Minorities ‘Taking Biggest Hit’ in U.S. HIV/AIDS Epidemic, Especially Black Women, Opinion Piece Says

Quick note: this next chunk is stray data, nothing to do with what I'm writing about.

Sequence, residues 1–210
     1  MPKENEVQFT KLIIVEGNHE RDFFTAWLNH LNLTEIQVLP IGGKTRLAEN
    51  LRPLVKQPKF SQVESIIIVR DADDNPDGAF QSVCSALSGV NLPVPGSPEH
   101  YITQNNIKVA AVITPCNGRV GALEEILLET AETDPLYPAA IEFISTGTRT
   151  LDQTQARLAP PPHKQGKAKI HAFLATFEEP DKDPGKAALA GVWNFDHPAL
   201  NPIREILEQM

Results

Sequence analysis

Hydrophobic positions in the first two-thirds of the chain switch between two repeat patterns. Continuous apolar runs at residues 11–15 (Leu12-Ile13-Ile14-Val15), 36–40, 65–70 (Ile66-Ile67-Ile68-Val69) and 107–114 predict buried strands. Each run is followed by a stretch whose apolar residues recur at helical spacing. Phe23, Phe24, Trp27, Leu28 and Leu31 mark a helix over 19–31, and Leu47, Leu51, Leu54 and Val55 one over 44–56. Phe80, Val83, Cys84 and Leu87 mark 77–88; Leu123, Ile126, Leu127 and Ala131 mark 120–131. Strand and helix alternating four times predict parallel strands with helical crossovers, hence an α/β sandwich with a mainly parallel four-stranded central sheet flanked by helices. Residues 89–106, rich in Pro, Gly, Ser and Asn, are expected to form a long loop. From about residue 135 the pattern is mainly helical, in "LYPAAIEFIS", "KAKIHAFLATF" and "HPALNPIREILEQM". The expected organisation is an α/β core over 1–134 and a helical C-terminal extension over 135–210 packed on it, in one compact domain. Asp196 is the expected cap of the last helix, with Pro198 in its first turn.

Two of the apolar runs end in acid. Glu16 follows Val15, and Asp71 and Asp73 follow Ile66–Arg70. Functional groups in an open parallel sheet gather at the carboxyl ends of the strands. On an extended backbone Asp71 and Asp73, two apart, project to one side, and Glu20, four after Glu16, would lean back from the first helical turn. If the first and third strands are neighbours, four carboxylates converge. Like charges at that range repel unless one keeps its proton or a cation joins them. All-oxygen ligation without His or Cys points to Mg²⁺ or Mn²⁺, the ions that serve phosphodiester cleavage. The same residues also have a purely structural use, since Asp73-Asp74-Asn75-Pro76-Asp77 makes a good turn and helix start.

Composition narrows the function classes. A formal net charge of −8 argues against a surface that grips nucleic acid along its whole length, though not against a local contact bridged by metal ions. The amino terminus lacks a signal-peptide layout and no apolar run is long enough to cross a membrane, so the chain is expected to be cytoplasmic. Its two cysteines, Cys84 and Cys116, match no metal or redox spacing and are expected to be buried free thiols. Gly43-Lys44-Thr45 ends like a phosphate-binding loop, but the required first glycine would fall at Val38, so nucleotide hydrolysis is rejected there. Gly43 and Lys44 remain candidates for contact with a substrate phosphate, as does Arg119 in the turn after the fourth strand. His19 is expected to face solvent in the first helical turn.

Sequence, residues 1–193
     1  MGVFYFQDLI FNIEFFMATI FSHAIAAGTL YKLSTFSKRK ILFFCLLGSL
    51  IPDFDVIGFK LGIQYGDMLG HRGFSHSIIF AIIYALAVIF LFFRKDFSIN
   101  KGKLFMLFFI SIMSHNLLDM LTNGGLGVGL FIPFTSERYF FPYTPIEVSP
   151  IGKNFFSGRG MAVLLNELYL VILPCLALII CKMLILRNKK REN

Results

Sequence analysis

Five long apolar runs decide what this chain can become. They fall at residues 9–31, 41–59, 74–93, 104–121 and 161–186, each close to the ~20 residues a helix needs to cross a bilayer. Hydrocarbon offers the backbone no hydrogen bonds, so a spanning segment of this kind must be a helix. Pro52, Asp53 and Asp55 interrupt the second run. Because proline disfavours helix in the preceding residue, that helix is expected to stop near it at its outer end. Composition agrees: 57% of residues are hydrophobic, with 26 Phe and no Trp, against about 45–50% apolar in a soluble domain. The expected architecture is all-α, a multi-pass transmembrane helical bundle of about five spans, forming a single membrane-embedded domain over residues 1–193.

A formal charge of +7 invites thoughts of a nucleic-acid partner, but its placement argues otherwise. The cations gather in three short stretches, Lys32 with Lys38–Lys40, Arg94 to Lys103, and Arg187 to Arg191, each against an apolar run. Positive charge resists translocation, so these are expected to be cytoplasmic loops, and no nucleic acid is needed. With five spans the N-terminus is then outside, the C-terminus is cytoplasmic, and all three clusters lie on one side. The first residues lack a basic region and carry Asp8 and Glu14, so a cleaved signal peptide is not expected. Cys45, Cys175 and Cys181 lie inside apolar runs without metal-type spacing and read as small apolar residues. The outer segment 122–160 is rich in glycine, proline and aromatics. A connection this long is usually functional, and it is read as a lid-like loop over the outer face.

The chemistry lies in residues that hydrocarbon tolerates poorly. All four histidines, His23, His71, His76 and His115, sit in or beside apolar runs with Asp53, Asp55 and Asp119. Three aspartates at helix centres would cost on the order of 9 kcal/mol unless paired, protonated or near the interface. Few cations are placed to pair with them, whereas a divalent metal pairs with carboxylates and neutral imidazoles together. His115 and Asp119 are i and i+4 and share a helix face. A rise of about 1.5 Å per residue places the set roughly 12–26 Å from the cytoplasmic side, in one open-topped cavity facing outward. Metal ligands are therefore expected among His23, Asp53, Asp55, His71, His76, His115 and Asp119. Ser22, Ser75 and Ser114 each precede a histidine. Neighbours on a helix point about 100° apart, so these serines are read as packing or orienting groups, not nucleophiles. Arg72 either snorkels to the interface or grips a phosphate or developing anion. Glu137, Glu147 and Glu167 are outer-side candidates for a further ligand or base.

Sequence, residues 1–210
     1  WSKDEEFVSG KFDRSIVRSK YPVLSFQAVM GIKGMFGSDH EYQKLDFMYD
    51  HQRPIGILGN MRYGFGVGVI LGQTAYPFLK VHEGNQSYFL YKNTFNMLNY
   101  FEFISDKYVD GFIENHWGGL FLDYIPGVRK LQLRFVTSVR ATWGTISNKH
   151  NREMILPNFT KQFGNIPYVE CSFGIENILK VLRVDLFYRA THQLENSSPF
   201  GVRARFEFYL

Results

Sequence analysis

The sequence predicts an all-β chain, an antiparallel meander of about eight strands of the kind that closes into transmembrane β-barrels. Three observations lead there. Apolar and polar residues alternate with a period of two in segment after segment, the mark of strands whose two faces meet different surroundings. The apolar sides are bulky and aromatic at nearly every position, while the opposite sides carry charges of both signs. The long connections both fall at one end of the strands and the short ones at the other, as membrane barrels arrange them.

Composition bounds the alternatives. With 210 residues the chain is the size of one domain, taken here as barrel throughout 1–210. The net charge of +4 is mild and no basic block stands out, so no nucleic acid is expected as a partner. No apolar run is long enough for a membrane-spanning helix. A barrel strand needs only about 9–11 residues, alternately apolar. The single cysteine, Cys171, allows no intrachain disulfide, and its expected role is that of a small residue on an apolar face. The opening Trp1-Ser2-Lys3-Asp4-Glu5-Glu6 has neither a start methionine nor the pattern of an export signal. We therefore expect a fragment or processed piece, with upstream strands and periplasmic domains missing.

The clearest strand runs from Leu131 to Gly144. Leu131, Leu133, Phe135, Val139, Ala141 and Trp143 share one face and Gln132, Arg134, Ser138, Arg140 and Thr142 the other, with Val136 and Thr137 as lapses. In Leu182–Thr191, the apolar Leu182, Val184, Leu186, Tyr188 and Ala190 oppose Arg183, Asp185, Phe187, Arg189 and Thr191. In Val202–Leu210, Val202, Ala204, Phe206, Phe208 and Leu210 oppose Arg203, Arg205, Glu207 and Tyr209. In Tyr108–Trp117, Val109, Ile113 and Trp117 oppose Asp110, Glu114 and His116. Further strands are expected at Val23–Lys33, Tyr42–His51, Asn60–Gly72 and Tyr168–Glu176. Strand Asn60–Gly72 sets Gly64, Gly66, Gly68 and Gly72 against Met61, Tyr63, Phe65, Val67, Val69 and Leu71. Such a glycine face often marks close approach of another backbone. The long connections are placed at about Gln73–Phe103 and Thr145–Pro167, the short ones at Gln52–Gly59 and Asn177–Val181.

Although HIV/AIDS experts "see a disease worming its way deeper into racial and ethnic populations," their "warnings don't elicit quite the desired response from those at high risk," including minority communities in the United States that are "taking the biggest hit," Laura Ofobike, chief editorial writer for the Akron Beacon Journal, writes in an opinion piece. Ofobike cites a "sobering" New York Times article published on Monday that said that black women face a greater risk of infection than other women and that their risk is "growing, in spite of all that we've learned about HIV/AIDS in the past 20 years" (Ofobike, Akron Beacon Journal, 4/6). The Times article said that black women are 23 times more likely to be HIV-positive than white women, according to government studies using data from 29 states. Some observers say that the increase in the number of HIV cases linked to heterosexual sex among black women stems from men on the "down low," an expression that describes black men who have sex with men but who never mention their male relationships to their female sex partners, friends or family members (Kaiser Daily HIV/AIDS Report, 4/5). Ofobike says that one influential factor is that there "is a shortage of marriageable black men in stable, long-term relationships with women" because of high rates of imprisonment, poor education and unemployment. Ofobike notes that President Bush in his fiscal year 2005 budget proposal asked for $1.5 billion for an initiative to promote "healthy marriages for women on welfare." She concludes, "If marriage is part antidote to the risk of sexually transmitted diseases, then we need help on a much larger scale, and sooner. The best marriage support begins with equitable education opportunities, good employment prospects and policies that keep more black men out of prisons and at home" (Akron Beacon Journal, 4/6).This is part of the KHN Morning Briefing, a summary of health policy coverage from major news organizations. Sign up for an email subscription.